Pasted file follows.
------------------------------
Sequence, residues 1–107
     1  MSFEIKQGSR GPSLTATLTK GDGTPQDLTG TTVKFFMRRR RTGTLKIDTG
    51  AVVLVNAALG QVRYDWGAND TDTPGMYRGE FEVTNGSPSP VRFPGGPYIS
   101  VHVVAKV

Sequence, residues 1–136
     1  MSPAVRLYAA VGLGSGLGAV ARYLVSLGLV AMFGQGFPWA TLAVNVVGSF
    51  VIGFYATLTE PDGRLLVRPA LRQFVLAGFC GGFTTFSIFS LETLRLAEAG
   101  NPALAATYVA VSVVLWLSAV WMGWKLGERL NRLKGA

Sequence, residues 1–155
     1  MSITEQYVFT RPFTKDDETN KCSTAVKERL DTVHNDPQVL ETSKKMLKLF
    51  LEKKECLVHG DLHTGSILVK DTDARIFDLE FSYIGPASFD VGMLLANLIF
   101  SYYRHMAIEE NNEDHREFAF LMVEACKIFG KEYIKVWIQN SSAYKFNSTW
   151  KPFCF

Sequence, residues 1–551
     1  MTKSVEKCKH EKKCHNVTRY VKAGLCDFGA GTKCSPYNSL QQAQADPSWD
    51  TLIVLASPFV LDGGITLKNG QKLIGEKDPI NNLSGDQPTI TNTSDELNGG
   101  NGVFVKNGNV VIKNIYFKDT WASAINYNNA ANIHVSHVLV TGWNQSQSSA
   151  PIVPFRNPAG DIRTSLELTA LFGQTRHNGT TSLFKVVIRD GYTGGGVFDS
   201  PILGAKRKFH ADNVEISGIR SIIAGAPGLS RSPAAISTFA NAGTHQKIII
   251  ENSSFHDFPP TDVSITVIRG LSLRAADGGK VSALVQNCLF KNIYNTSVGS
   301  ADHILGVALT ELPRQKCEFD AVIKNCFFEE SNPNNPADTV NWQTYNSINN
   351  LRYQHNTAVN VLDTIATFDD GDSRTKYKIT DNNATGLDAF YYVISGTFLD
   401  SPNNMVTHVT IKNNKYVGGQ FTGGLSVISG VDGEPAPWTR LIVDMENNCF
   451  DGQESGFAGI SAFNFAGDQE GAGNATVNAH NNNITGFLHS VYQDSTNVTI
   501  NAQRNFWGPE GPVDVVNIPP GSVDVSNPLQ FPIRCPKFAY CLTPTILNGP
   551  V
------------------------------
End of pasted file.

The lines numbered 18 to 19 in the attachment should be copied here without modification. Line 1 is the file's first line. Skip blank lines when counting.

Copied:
   151  PIVPFRNPAG DIRTSLELTA LFGQTRHNGT TSLFKVVIRD GYTGGGVFDS
   201  PILGAKRKFH ADNVEISGIR SIIAGAPGLS RSPAAISTFA NAGTHQKIII